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Net appears to be closing on Netanyahu in Israeli authorities’ bribery investigation

Arnon Milchan attends the Gotham Independent Film Awards in New York on Nov. 28, 2016.
(Roy Rochlin / FilmMagic)

Israeli authorities appear to be moving closer to Prime Minister Benjamin Netanyahu in an investigation in which he is suspected of bribery and breach of trust.

On Tuesday, Israeli media reported that police had questioned Los Angeles-based film producer Arnon Milchan, a close friend of Netanyahu, in the case. Milchan is suspected of providing Netanyahu and his wife, Sara, with jewelry, pink champagne and cigars in exchange for the prime minister’s assistance in extending Milchan’s U.S. permanent resident status and in facilitating his acquisition of shares in Channel 10, an Israeli television station.

Milchan, the latest prominent figure to become embroiled in a mounting number of investigations surrounding Netanyahu, was interrogated in London by officers of the elite Lahav 443 police investigations unit.

“This is a significant moment in the sense that Milchan could be tied to Netanyahu through bribery,” said Nahum Barnea, a prominent Israeli political columnist. “And if so, we’re in criminal territory. Netanyahu is suspected of doing some pretty big favors for Milchan, interceding with [then U.S. Secretary of State John F.] Kerry to extend his green card, which Kerry did, and the TV station.”

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On Monday, in news that shocked Israel, the former commander of the navy’s elite Shayetet 13 commando unit, similar to the U.S. Navy SEALs, was arrested in conjunction with another inquiry known as the Submarines Affair, and Eliezer Sandberg, a former Cabinet minister, was arrested on suspicion of bribery in the same case.

It is a convoluted case in which a growing circle of Netanyahu associates are suspected of illegally intervening in the purchase of six warships and submarines for Israel’s navy, to their personal benefit. Former deputy national security advisor Avriel Bar-Yosef and a media advisor for the science minister were questioned in the case on Monday, but were not detained.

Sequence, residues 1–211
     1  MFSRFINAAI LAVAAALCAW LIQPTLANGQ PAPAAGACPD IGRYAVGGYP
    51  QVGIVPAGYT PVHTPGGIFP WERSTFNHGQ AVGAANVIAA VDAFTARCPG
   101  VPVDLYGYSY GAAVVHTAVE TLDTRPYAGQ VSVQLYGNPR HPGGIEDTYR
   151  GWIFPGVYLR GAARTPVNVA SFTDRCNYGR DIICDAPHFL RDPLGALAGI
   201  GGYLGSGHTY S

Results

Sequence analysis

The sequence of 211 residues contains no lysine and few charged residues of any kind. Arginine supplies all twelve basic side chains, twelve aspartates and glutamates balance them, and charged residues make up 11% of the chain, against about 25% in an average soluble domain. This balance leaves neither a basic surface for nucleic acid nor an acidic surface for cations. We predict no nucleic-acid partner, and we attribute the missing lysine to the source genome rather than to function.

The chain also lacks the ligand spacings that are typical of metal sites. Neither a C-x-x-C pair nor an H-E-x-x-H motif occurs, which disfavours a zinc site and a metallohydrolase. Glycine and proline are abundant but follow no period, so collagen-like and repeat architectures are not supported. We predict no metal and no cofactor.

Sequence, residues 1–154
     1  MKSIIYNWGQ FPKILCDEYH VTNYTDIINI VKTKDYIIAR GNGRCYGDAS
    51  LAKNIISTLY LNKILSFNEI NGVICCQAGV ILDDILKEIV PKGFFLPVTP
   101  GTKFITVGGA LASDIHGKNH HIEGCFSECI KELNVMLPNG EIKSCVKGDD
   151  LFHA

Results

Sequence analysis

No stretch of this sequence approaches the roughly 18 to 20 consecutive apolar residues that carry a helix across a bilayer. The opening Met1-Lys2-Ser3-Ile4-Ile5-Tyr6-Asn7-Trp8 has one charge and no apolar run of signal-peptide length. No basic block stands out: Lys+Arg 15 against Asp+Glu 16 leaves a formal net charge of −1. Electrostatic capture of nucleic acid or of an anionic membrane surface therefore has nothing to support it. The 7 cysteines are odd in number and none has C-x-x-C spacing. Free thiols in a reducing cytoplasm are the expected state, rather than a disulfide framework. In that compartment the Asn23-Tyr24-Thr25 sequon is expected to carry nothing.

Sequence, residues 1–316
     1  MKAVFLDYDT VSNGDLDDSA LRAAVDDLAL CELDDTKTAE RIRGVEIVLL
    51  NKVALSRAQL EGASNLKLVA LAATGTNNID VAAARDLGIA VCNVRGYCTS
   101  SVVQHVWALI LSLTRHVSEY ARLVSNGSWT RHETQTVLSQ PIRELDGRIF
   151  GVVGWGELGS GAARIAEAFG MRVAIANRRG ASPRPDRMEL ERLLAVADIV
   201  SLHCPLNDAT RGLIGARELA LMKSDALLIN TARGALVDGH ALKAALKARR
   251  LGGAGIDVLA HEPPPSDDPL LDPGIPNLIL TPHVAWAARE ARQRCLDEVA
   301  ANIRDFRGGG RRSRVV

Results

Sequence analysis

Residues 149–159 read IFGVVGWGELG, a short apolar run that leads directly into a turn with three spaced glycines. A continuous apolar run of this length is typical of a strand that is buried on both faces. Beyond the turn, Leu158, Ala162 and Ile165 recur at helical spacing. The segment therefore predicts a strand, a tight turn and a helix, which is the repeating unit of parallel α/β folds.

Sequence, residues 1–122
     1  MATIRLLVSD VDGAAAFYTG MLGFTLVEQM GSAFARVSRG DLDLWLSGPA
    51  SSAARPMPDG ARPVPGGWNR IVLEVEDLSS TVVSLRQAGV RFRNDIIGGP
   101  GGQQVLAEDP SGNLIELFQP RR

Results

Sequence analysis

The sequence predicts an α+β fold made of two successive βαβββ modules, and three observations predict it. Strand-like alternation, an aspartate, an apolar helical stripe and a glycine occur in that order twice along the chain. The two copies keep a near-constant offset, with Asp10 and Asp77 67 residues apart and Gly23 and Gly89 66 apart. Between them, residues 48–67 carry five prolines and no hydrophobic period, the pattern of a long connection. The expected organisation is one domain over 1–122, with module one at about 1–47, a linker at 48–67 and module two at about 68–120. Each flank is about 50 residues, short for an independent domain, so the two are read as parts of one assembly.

Two of Netanyahu’s former chiefs of staff, Ari Harow and David Sharan, have been arrested in connection to the inquiries, with Harow turning state’s witness. Netanyahu’s cousin and personal attorney, David Shimron, is also a suspect.

The recent spate of arrests and interrogations follows testimony provided by Michael Ganor, the man who represented a German company selling the submarines. He turned state’s witness this summer.

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Observers in Israel believe that the police may try to turn Milchan, an Israeli citizen and thus subject to the nation’s laws, against Netanyahu, further bolstering their case against the prime minister.

“It’s a possibility,” Barnea said. “White-collar cases are never clear-cut, like murder or robbery, so in this case the nuances matter. What some may see as a personal gift from one friend to another could, in a different light, be viewed as a gift forbidden under Israeli law or even as part of a quid pro quo in an act of criminal bribery.”

Almost lost in the cascade of recent bad news for Netanyahu is the expectation that his wife is to be served with an indictment for fraud in the coming week. She is suspected of pocketing $110,000 in goods and services that were ordered for the prime minister’s official residence.

With Netanyahu’s political future in doubt, his rivals have become more brazen in positioning themselves as a successor. Yair Lapid, a popular former minister who heads the centrist Yesh Atid party, scheduled a public gathering in Jerusalem on Wednesday evening, and Labor Party leader Avi Gabbay is assembling a party convention that could grant him new powers to appoint party candidates in preparation for a possible early election.

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Tarnopolsky is a special correspondent.


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